And, and the support? You know, my husband is incredibly supportive of every endeavor that I try to do every time I tell him, like when I went to him to say, Okay, can I do it? It's not like I can I do. I had a patient one time when I said it like that. She said, I'm very concerned about you and your marriage. No, it's not that my, it's not that I have to get permission from my husband to do this. It's just a conversation. But like, do you mind if I go into a 12 week course?
Right? Right, I get it.
Um, so he's incredibly supportive. My parents are incredibly supportive. I think although my kids may not under fully understand what's going on right now, I honestly think that, you know, my mom went back and got her bachelor's degree when I was in high school. And I still remember that to this day, and I was so proud of her, even though it did take time away from us, for that period of time that she was in school. I remember her going into her room and closing the door, so she could study. So hopefully I'm instilling that in my children as well, that desire for learning and seeing that, you know, mommy can do that too. And I need my community. I don't need, the older I get, the less I need a larger community. And the more I need those authentic relationships. I don't need as many of them I just, I, I need those close ones that are authentic. And being able to be my full person being able to be integrated in all parts of my life. So and what that means to me is that I also believe in inclusionary Christianity, and there are a lot of churches out there that don't feel that way. And trying to be the same person in every, in every piece of my life. So, you know, I'm not feeling like I need to speak this way in this group, and then be this person for this group. And then this group needs to see a different part of Denise. I'm the same person in all of those places. And the book talks about that, and it's been something I have really been striving for them before I had read that piece in her book.
That's a that really aligns with my own purpose, passion. And it's been close to my heart since I was very little. I know, growing up in my, my junior high school, there was one black person. And that's it, everybody else was white. And then when I went to, you know, high school, there was Greek backgrounds and other Chinese and, you know, different other backgrounds. And I was fascinated by other families. And, you know, just my little white background kind of thing. And I'm such a person that stands for diversity. And to celebrate that and inclusive, like you're saying to include people and celebrate how we're different. It'd be pretty boring if we're all the same, or you know, and to celebrate that from your heart and connect with people and create a safe space for people to be who they to be authentic are. So I love that you do that. And I love that you share that story that Jen does that. I definitely will be supporting that and putting that out there for both of you. Let's jump into from there, you know, you talked briefly, we just said it. We didn't go into it. But your next book is going to be you said about Rainbow Bridge and grief for kids. Can you tell our listeners what that is? And how this speaks to your heart and soul?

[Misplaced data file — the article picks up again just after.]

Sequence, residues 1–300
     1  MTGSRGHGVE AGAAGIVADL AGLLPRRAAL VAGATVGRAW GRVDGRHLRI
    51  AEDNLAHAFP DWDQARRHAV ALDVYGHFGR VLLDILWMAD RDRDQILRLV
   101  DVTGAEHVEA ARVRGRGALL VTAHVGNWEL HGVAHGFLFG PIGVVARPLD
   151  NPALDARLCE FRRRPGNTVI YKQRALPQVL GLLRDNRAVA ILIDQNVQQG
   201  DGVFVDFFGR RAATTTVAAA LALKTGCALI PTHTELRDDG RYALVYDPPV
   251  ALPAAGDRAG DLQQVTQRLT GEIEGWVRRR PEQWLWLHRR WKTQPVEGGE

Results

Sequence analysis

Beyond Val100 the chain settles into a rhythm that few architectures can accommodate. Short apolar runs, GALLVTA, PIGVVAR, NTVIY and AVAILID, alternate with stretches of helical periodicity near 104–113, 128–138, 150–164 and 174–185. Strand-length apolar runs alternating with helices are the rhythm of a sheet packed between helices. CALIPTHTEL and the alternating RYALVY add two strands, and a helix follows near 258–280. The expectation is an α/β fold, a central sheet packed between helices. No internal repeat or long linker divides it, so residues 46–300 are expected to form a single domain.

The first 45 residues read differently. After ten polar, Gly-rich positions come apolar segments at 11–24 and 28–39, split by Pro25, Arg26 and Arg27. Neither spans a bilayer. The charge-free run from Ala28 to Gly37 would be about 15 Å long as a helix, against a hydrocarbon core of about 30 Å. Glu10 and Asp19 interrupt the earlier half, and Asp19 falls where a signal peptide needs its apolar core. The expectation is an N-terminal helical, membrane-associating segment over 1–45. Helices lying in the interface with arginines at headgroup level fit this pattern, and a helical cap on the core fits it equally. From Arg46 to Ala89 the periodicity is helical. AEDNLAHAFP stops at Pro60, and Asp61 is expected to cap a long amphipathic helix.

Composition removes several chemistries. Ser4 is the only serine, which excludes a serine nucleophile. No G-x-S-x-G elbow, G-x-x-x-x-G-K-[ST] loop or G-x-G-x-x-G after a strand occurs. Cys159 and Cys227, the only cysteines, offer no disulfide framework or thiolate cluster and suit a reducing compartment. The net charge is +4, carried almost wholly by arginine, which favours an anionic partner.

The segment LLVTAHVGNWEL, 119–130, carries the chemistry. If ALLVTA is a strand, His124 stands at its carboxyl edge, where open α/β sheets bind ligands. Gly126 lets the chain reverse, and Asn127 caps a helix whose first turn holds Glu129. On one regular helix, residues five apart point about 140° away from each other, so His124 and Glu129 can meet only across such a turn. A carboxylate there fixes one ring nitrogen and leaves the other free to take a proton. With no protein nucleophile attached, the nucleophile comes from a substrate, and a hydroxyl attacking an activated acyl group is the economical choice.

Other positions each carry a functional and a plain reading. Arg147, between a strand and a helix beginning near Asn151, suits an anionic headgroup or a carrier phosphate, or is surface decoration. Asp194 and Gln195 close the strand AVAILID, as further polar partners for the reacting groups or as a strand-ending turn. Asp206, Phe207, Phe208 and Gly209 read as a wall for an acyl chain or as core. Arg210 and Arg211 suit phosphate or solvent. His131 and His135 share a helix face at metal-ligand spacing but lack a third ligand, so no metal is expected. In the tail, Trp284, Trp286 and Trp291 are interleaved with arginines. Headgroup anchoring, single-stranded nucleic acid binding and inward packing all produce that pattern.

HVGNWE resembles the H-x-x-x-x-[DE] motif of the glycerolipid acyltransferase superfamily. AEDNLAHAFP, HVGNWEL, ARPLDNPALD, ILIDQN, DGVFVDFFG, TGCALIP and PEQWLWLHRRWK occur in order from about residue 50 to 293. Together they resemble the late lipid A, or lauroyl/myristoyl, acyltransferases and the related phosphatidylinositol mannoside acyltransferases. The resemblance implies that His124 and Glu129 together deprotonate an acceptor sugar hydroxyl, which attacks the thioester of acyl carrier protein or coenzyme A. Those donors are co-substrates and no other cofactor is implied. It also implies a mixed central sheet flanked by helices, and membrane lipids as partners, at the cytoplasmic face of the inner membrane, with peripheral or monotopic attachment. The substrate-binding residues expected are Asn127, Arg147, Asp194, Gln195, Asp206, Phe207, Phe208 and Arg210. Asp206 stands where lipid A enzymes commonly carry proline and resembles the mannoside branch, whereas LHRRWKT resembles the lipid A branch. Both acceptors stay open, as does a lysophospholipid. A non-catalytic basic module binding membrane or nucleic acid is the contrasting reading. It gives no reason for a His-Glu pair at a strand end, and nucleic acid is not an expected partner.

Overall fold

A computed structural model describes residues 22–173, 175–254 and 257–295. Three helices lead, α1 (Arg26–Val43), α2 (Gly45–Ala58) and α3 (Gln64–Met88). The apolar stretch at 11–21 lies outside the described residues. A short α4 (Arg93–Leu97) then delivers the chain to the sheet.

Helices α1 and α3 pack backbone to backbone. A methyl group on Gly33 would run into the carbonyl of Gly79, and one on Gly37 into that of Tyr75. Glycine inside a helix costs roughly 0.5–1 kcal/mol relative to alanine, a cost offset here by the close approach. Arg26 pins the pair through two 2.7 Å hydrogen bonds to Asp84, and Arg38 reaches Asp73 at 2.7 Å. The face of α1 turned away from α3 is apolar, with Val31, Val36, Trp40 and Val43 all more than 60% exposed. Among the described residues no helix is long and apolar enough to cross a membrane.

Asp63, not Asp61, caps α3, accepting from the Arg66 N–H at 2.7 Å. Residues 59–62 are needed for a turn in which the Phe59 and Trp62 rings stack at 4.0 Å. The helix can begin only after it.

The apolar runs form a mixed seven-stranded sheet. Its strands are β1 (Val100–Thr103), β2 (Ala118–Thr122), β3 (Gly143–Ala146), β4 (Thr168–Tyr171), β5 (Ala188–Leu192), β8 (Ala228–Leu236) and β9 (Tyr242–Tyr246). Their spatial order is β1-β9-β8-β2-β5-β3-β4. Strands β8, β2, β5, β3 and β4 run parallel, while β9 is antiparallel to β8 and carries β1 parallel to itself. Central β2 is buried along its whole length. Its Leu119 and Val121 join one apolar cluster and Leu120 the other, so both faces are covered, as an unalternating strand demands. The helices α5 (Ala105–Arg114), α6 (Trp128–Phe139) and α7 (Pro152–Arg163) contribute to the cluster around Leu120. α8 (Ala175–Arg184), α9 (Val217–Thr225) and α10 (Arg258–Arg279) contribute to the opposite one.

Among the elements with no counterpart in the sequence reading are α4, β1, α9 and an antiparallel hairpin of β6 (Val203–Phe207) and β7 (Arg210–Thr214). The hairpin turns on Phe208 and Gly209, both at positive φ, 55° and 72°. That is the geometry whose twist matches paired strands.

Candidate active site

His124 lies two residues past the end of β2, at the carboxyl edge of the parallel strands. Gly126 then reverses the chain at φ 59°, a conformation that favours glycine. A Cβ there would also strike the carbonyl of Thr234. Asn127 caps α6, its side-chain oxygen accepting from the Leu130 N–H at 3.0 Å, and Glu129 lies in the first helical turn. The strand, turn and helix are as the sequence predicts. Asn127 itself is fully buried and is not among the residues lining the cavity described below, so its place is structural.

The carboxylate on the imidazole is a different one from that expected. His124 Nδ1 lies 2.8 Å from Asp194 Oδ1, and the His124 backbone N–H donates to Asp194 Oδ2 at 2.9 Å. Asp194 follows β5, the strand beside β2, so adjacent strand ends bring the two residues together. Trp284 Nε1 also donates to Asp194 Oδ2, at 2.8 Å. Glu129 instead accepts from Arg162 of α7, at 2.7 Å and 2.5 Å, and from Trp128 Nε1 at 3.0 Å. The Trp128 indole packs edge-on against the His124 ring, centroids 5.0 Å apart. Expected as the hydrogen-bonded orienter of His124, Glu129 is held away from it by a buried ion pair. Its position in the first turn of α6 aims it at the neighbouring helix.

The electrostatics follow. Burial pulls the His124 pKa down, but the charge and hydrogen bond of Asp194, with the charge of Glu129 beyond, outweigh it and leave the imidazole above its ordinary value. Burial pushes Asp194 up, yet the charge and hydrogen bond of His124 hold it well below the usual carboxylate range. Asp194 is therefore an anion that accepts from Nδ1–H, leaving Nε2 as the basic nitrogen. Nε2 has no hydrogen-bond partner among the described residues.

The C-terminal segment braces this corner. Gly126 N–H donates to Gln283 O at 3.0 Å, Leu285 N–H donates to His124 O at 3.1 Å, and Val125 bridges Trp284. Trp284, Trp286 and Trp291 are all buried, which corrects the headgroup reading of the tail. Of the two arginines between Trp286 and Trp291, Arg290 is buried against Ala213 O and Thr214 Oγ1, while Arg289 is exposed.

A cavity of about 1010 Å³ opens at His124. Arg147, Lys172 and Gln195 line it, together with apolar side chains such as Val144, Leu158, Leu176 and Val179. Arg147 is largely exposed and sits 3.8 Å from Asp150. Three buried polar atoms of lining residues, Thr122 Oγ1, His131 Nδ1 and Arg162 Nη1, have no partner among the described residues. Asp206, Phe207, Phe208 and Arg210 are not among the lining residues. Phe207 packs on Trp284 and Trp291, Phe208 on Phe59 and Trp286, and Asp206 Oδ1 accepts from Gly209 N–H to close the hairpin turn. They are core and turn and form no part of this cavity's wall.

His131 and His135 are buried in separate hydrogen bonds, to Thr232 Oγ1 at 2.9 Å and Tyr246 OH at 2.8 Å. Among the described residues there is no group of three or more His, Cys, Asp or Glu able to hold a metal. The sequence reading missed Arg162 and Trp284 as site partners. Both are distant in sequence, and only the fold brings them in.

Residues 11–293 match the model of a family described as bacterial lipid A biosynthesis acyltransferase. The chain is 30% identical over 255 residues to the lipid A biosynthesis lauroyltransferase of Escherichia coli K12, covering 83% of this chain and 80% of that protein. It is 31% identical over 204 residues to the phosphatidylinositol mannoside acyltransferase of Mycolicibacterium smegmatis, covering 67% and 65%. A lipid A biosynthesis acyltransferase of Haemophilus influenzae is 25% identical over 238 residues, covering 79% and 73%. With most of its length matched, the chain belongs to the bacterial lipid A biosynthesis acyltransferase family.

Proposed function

Oh, yes. So I don't know if anybody has ever heard the Rainbow Bridge. But the it's a small it's a short poem. And I just I have to Oh, I'm in the wrong just one second. I need to read it to your to your listeners. Because it just has meant so much. They don't know who wrote it. Oh, but if you ever have a pet pass away oh, there's a dog in the back. Yeah, hello, Tom. It is one of those things where you can find it everywhere. I don't again, I don't know that you can. The author is unknown. So um, but it says just this side of heaven is a place called the Rainbow Bridge. When an animal dies that has been especially close to someone here. That pet goes to the Rainbow Bridge. There are meadows and hills for all of our special friends so they can run and play together. There are plenty of food. There's plenty of food, water and sunshine and our friends are warm and comfortable. All the animals who have been ill and are old or restored to health and vigor and those who were hurt or maimed are made whole and strong again, just as we were Remember them in our dreams of the days and times gone by. The animals are happy and content, especially for except for one small thing. They miss someone very special to them who had had to be left behind. They all run and play together. But the day comes when suddenly, one suddenly stops and looks up into the distance. His Bright Eyes are intense, and his eager body begins to quiver. Suddenly, he begins to run from the group flying over the green grass, the legs, carrying him faster and faster. You have been spotted. And when you and your special friend finally meet you cling together and joyous reunion never to be parted again. The happy kisses rain upon your face, your hands again, caress the beloved head, and you look once more into the trusting eyes of your pet. So long gone from your life, but never absent in your heart. And then you cross the rainbow bridge together.